Arnold got off his barstool.

“I really have to go,” he said.

“I should not, as you Americans say, advise it,” said Mojo.

Arnold stood there a moment, looking at Mojo, then at me, then at Mojo again.

“Oh, no,” said Mojo. “I shouldn’t advise leaving. Not in your present state.”

“He’s only had a couple beers and a shot of ‘151’,” I said. “Arnie can handle that.”

“You forget the LSD tablet he, as you Yanks say, ‘popped’ not long ago.”

“Oh, right,” I said.

“And the pink pill,” said Mojo. “The pink pill in the shot of ‘151’. The large pink pill.”

“Aw,” I said, “it’s probably just like a benny or something, or maybe one of them amphetamines, they’re pretty harmless, we used to eat ‘em like candy back in the war.”

“If those are the pink pills I think they are then they are far from something as harmless as amphetamines,” said Mojo. “Oh yes indeed. Large pink pills?”

“Pretty large,” I said.

“Say the size of a lima bean?”

“I hate lima beans,” I said.

“They were about the size of a lima bean,” said Arnie. “What are they?”

“You mean what were they,” said Mojo. “Because by now they are already completely dissolved and coursing through your bloodstream.”

“What were they?” said Arnold.

“What were they?” said Mojo. I don’t know why he said this. Maybe he was being rhetoricianal again.

“Yes,” said Arnie. “What were they?”


“The ingredients of the big pink pill,” said Mojo, and I could tell he was going to go off on one of his little speeches, and sure enough he did, this guy just loved to hear himself talk -- “which were first synthesized by a certain Hungarian scientist working for the German Reich who since the war has been forced to live incognito, some say in Brazil, some say in the jungles of New Guinea -- the ingredients as I say are a mixture of Yohimbe bark, ginseng, yage, dried penis of the Indo-Chinese pygmy deer, Jimson root, and the excrement of the Borneo tiger scorpion.”

“Damn, I can tell you a story about them Borneo tiger scorpions,” I said, but Mojo just went right on, he can be pretty rude that way.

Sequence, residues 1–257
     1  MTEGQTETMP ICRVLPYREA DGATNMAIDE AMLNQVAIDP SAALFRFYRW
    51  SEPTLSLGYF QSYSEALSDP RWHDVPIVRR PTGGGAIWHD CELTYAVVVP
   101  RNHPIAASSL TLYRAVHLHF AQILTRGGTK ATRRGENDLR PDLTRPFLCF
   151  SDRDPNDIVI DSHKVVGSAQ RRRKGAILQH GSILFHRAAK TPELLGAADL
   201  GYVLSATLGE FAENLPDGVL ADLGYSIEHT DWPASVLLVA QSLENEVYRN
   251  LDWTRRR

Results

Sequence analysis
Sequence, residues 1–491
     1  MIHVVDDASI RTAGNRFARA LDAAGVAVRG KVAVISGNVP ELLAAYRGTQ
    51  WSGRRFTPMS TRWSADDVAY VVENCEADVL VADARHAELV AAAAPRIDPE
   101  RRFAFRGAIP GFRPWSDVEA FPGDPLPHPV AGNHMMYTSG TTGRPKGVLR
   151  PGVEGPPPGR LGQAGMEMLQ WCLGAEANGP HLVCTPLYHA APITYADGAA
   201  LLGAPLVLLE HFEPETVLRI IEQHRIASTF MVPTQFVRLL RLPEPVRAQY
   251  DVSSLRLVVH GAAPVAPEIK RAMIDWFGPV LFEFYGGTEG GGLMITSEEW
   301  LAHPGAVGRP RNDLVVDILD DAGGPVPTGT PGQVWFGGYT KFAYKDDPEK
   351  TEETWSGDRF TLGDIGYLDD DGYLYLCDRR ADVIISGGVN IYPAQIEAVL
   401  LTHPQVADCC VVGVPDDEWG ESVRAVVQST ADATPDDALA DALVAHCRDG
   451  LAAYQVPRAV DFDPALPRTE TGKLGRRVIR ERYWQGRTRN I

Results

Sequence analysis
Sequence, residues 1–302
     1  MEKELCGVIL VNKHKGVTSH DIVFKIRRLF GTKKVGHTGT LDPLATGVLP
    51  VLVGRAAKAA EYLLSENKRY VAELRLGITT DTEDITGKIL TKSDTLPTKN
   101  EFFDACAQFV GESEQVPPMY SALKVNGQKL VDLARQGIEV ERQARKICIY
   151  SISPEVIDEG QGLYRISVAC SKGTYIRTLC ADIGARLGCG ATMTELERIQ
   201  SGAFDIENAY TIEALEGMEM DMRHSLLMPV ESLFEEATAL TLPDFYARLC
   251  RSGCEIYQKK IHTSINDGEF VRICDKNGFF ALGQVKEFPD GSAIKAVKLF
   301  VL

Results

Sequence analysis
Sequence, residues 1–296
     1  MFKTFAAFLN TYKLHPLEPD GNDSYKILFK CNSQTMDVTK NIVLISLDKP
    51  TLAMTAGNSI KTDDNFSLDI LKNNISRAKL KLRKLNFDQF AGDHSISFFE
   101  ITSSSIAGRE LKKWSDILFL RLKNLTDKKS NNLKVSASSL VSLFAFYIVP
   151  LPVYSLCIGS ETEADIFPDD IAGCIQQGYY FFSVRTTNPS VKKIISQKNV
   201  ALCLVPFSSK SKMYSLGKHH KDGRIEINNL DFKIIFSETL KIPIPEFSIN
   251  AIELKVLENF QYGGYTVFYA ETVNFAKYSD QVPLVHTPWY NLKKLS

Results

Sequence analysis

“Some people call the pills Pink Lima Beans,” he said, and he tapped his cigar ash off with his finger. The ash fell on the knee of my dungarees, but I didn’t give a damn, and I left it there. “In Hong Kong and Macao they are called Pink Cockroaches,” he said. “The Yakuza of Japan call them Pink Banzais. But more commonly and universally they are known by the street name of -- Pink Death Bombs.”

Arnold sat back down on his barstool. He picked up his Tiger Beer bottle, but it was empty. He put it back down again.

“Pink Death Bombs,” I said. “That sounds like some pretty strong stuff.”

“Oh, yes indeed, cher Ben,” said Mojo. “Strong, as you Americans say, 'stuff', indeed.”

“Y’know,” I said, “Limeys say that, too,” I said. “And Aussies. South Africans, Canadians.”

“Yes of course they do.”

“So you don’t really have to say, ‘as you Americans say’. You can just say it.”

“I can, cher Benjamin, say, as you Americans say, many things.”

“That’s true,” I said.

“Or I can say very few things.”

“No argument there,” I said.

“It is not necessary to reply to every vague but undeniable statement I make, cher Benjamin.”

“You’ve got a point there, too, Mojo,” I said.

“Oh, Jesus Christ,” said Arnie.

“What’s the matter, Arnie?” I said.

“He’s upset,” said Mojo. He took another sip of his pousse-café, and this time the chocolate layer disappeared. He licked his lips.

“Well, well, well, if it isn’t the toy frog himself,” said a lady’s voice.

I turned. It was Maxine, finally back from the powder room.

“Ah, Maxine,” said Mojo. “How nice to see you.”

“Drop dead, you slimy little toad.”

“Charming as ever,” said Mojo.

Ignoring Mojo, Maxine looked at me.

“Hey, buddy, you find what I left on the bar there under your hand?”

“The two pink pills?” I said. “Yeah, in fact --”

“Sssh,” she shushed. “You don’t got to tell the whole world. Including this little tree-monkey here.”

“Well, he, uh, already --”

“I know all about your little pink pills, ma chérie,” said Mojo.